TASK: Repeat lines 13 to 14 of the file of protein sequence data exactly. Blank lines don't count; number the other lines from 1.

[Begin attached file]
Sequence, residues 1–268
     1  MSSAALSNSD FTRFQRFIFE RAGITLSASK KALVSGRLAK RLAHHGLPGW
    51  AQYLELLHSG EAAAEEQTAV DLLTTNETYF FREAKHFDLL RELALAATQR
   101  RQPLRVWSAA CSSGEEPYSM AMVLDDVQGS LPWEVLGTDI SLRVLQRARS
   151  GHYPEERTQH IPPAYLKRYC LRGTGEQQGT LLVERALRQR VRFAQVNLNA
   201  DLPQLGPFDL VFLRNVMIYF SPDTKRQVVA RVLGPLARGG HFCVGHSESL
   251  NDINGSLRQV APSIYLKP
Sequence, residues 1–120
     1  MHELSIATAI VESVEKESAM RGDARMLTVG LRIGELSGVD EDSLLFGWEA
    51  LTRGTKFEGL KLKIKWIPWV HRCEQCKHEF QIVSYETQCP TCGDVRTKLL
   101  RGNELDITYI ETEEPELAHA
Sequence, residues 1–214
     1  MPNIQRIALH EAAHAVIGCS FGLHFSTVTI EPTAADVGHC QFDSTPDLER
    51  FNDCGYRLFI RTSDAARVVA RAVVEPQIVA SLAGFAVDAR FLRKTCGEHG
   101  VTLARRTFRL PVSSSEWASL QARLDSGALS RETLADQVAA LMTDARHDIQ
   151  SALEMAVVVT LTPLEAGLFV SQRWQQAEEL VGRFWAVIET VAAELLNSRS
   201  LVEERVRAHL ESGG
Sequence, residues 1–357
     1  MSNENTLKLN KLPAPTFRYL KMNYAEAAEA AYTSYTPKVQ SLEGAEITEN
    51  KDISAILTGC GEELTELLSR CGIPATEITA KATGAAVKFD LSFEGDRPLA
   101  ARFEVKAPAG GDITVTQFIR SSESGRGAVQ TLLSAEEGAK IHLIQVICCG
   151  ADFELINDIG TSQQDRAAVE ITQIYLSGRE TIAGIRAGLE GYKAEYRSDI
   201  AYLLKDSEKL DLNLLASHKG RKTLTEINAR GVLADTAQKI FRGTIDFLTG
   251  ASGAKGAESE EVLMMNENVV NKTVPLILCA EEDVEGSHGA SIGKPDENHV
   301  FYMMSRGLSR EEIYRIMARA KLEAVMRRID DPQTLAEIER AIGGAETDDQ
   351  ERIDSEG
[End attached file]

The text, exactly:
     1  MPNIQRIALH EAAHAVIGCS FGLHFSTVTI EPTAADVGHC QFDSTPDLER
    51  FNDCGYRLFI RTSDAARVVA RAVVEPQIVA SLAGFAVDAR FLRKTCGEHG